Alex imitates Burr’s dramatic hand-flail during, “you get nothing if you *wait for it; wait for it*.”
That part in the above gif? It is PERFECTLY timed. I sincerely didn’t think he was going to make it to the table in time to have his feet up as he sung that line, but that’s EXACTLY how it plays out. It’s timed down to the MILLISECOND.
I love this. Burr leaps up and they rip the tablecloth out from under him. From the mezzanine, it looked like the actual tabletop was a reflective surface which caught the light. Therefore, *illuminating* Burr at “but we dream in the dark for the most part.” I’m honestly not sure if that is the case or not, cause it certainly doesn’t look like it in this gif, but if it is, it works well: this is HIS lightbulb moment.
The crescendo of the music and the build of the dancing just…you want to FLY from your seat and dance in the aisle; everything is SO electric that you can practically feel the air buzzing with it. The audience is soaring WITH Burr.
At that final “Click! Boom!,” Burr is back-lit in spotlight, except now, they don’t let the light fade. They keep his lighted silhouette on the stage because they’re prepared for it now. The audience LOSES it. Everyone means it when they say this song is a showstopper; it quite literally STOPS the entire show. People start screaming and cheering and clapping and just won’t STOP. So now, they just run with it; they let the show stop, they keep Burr lit in his moment, and allow the audience to deafeningly scream their support for at least a good 30 seconds before they forcefully move on. It’s a phenomenal feeling to be a part of.
6. “Schuyler Defeated”
“I’m sure he already knows” will never fail to make me laugh but sadly, Hamilton is not in the background shattering things in anger. Lol.
7. “Cabinet Battle #2”
“Uh, who provided those funds?” Jefferson literally holds the mic out to Madison who’s behind him so that he can haughtily answer “France.” HA.
“Daddy’s calling.” Never over it.
8. “Washington On Your Side”
Burr literally comes out of NOWHERE. Just comes STROLLING across the stage to stare at Hamilton as he walks away before he starts the song. It was HILARIOUS. Like, busy-body Burr is so obsessed with Alex that he’s just ALWAYS there ready to DRAG him to whoever’s around.
“I’m in the Cabinet”… That whole bit? Still fucking amazing. That is all.
I wanna mention Oak at this point, because people don’t talk about him enough. I think he tends to get a little overshadowed because of everyone else and he doesn’t get his own solo song but guh, he’s so good. His voice is just this low, gorgeous rumble. There’s a post going around that describes his voice as “a gentle earthquake feeding you chocolate.” Which is actually really descriptive and sincerely perfect. And he’s such a strong figure in both roles, even just in presence, and it’s fantastic cause he even brings a different ENERGY to each. I just really love everyone in this cast, ok?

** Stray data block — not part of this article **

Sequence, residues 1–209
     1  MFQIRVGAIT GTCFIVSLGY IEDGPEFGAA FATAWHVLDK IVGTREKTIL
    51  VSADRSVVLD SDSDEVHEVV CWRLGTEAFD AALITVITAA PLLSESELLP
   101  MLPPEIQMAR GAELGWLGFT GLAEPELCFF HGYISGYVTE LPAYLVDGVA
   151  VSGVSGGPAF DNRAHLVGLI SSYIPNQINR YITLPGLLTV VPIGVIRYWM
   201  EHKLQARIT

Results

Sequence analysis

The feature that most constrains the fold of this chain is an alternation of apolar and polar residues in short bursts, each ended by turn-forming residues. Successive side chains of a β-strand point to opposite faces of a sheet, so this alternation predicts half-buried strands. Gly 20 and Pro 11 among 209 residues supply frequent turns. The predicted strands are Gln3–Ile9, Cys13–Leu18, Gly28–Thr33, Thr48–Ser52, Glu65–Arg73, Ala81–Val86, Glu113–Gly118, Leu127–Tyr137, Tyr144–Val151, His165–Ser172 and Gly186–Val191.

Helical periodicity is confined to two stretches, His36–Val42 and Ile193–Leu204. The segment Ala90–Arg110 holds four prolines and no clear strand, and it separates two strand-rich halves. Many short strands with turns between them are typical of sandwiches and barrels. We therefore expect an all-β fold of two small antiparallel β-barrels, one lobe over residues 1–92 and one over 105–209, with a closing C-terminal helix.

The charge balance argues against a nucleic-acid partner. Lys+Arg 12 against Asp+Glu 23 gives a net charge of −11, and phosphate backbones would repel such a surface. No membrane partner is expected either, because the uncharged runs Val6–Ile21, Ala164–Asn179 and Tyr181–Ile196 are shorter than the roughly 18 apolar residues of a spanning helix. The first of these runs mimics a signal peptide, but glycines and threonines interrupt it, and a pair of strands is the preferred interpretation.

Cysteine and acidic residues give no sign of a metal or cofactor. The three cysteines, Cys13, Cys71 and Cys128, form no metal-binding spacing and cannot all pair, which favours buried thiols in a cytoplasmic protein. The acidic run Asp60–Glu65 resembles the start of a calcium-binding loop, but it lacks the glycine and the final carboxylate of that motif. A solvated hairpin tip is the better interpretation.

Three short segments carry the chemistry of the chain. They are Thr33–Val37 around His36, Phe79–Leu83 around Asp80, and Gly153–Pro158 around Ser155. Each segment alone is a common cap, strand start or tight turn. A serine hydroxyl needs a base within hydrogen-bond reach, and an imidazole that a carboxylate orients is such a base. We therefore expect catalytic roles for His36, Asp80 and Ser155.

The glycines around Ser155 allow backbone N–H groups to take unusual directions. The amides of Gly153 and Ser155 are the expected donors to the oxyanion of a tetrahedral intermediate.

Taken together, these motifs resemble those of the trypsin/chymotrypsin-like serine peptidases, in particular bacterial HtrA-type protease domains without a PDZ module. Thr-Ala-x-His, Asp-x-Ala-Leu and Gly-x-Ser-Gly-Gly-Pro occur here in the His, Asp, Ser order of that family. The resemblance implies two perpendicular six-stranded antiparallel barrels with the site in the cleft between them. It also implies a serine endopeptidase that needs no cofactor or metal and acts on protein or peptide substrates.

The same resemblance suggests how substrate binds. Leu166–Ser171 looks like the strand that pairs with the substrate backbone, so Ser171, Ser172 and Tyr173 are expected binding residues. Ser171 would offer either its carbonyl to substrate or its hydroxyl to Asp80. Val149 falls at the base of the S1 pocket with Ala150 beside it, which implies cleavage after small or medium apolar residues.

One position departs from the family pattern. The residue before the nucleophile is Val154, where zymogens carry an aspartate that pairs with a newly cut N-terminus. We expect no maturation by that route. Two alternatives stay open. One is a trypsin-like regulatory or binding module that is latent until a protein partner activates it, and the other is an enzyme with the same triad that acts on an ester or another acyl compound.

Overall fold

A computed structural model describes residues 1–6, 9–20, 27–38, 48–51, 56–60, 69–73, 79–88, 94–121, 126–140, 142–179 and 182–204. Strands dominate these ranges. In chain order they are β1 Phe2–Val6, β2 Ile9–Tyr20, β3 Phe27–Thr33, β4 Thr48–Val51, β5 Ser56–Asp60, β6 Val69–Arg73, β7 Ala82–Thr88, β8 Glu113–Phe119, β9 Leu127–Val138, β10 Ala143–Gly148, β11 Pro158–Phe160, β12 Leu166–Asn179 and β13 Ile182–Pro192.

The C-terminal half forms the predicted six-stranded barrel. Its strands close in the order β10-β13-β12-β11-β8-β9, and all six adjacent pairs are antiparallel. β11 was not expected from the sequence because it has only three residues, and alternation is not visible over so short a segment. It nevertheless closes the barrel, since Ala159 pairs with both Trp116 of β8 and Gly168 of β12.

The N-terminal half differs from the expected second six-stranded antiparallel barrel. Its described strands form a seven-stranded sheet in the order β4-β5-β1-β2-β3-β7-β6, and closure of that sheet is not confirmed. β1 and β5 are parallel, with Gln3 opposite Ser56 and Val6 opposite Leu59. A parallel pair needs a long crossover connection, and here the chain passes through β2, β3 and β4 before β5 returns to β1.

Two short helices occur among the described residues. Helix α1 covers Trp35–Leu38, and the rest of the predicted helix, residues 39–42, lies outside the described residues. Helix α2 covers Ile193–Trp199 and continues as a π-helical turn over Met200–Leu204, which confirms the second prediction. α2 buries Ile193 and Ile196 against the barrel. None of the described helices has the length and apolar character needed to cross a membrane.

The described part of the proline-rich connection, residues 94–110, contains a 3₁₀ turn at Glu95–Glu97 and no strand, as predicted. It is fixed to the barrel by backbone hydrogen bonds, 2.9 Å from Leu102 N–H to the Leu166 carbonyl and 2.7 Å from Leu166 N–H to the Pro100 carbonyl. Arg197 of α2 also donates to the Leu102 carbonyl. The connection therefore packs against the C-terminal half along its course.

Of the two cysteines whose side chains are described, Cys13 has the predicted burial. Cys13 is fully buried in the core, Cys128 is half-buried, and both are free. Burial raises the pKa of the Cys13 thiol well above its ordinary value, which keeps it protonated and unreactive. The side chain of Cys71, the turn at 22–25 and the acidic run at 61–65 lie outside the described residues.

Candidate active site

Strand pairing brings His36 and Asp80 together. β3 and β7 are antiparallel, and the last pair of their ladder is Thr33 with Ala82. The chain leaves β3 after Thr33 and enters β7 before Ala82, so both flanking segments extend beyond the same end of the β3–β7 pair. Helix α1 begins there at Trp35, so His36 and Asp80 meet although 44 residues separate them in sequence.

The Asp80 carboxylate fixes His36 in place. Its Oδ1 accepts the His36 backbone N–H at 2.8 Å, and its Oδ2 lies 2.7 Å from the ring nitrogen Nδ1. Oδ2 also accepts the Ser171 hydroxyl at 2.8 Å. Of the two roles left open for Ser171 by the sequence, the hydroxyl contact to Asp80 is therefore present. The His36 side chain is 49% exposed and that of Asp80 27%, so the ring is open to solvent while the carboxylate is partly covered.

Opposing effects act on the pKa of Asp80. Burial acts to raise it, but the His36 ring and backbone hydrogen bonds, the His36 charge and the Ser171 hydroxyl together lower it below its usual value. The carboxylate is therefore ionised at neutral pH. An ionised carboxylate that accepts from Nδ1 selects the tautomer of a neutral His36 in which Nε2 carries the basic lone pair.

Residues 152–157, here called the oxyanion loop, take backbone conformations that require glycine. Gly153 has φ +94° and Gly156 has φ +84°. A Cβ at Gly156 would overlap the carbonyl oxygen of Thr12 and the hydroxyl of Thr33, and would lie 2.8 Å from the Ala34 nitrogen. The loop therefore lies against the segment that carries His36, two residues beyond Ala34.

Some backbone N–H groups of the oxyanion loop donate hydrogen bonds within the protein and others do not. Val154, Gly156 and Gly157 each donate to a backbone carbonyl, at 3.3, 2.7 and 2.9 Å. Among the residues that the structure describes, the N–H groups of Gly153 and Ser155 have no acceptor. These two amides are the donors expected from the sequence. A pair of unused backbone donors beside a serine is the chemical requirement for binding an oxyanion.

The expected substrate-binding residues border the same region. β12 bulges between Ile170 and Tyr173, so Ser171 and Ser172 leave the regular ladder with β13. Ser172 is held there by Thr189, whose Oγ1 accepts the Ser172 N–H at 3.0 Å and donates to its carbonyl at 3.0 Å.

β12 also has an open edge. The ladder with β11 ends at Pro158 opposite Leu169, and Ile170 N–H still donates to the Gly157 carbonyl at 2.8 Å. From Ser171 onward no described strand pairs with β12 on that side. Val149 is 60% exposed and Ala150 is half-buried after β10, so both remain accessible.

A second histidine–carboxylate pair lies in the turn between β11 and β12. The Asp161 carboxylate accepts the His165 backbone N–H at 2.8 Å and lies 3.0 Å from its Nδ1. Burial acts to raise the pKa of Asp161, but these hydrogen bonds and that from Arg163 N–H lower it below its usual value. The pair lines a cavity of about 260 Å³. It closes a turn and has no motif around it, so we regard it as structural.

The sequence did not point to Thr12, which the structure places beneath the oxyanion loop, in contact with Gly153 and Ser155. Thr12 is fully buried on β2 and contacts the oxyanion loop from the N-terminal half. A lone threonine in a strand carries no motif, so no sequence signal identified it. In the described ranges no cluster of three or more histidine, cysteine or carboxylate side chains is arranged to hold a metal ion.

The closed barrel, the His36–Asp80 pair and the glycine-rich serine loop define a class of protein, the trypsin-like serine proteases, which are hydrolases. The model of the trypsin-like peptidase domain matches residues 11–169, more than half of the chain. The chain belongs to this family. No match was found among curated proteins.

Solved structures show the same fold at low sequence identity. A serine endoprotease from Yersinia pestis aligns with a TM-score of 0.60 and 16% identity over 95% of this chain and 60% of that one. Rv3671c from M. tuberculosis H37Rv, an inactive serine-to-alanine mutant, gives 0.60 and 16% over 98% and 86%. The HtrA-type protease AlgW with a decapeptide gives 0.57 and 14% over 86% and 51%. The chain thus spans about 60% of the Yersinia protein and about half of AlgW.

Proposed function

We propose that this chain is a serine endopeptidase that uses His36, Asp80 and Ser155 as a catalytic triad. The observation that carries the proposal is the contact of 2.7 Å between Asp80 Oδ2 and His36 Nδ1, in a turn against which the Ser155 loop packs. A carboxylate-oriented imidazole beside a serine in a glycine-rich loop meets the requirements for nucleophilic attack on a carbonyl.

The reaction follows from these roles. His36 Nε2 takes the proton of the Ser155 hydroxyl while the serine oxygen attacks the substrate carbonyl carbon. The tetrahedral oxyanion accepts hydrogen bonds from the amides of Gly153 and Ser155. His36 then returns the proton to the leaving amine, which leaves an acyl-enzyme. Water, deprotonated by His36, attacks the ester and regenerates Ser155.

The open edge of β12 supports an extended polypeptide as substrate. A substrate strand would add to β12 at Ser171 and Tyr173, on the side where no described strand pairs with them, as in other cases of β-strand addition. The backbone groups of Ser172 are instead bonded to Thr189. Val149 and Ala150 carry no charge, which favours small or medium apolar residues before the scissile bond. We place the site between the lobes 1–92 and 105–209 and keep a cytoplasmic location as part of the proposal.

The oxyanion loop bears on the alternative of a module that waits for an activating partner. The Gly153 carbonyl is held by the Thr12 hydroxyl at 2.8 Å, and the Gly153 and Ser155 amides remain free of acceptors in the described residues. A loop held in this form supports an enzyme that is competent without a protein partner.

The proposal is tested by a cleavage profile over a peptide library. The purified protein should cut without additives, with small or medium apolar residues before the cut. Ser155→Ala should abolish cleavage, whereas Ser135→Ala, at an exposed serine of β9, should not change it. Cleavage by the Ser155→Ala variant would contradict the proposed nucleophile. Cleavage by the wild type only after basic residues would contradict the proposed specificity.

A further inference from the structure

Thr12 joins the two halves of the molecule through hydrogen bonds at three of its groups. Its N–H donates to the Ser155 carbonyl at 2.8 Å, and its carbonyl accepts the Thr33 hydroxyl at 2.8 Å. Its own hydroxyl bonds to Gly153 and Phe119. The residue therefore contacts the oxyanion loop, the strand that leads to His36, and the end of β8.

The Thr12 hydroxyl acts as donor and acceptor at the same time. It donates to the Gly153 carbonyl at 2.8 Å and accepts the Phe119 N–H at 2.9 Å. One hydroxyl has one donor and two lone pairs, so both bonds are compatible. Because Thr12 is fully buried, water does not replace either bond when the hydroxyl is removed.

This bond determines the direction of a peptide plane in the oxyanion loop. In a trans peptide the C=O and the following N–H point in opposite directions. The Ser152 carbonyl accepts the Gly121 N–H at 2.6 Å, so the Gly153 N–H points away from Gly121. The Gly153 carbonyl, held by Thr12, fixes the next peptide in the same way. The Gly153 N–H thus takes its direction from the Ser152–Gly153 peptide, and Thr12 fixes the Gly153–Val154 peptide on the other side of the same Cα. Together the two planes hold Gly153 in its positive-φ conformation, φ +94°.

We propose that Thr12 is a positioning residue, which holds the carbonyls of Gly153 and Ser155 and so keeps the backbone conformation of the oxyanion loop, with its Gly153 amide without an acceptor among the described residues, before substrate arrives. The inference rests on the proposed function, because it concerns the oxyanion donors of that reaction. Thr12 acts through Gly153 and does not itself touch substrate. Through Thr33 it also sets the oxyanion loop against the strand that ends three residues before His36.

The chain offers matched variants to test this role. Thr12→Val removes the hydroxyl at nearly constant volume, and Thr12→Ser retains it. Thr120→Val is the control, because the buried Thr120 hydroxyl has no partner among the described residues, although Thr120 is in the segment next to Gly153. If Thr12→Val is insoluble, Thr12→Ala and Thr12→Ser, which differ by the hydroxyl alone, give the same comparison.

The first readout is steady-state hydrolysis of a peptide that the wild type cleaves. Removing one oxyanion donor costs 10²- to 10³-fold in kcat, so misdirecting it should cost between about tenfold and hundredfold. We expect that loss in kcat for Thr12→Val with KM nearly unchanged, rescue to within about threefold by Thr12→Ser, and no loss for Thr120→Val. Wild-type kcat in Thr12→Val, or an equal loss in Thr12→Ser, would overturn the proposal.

Ah, now’s a good time to mention the letters. I LOVE what they do with the staging any time there’s a letter in the show. Think about it; it’d be hard to show how those letters are always being written and then delivered and THEN read. So everything happens quickly and almost simultaneously. The action never stops, the singing never stops; someone will lift a quill quickly, then hand a letter off to an ensemble member, never stopping, and the ensemble will literally *dance* it over to the recipient. The letter generally passes through multiple hands first before arriving at its intended destination, perfectly showcasing the passage of geography and time, while never taking you out of the moment.
I mention this hear because near the end of the song, Jefferson “writes” his resignation letter, which is then handed off and subsequently delivered to Washington. Washington has just opened and is reading it in semi-surprise as the trio sings their last line. It’s a great detail you obviously don’t get when just listening and leads perfectly into the next song, showing the audience how Washington knows before calling Alex in.
9. “One Last Time”
“I don’t know about God, but I believe in Chris Jackson.” - LMM’s Tony speech for In The Heights. 7 years later and you can see why it still rings true. Chris MURDERS this song; he just SLAYS it. GOD.
I just really, really love how they do the end, with Alex “writing” Washington’s words as George slowly and softly begins to sing along, then overtake Alex as he steps forward for his last spotlight moment.
After the show, the friend I was with that went into the show blind perfectly encompassed this song by wailing that she was not expecting this to be so emotional. “I’m crying because Washington is stepping down; WHAT’S WRONG WITH ME?!” It’s part of Lin’s gift: he makes us CARE about these people; he makes us identify with figureheads we learned about years ago with disinterest; he makes us LOVE them.
10. “I Know Him”
Groff does the EXACT condescending, dismissive hand wave at “little guy who spoke to me” that I was imagining and for that, I BLESS HIM.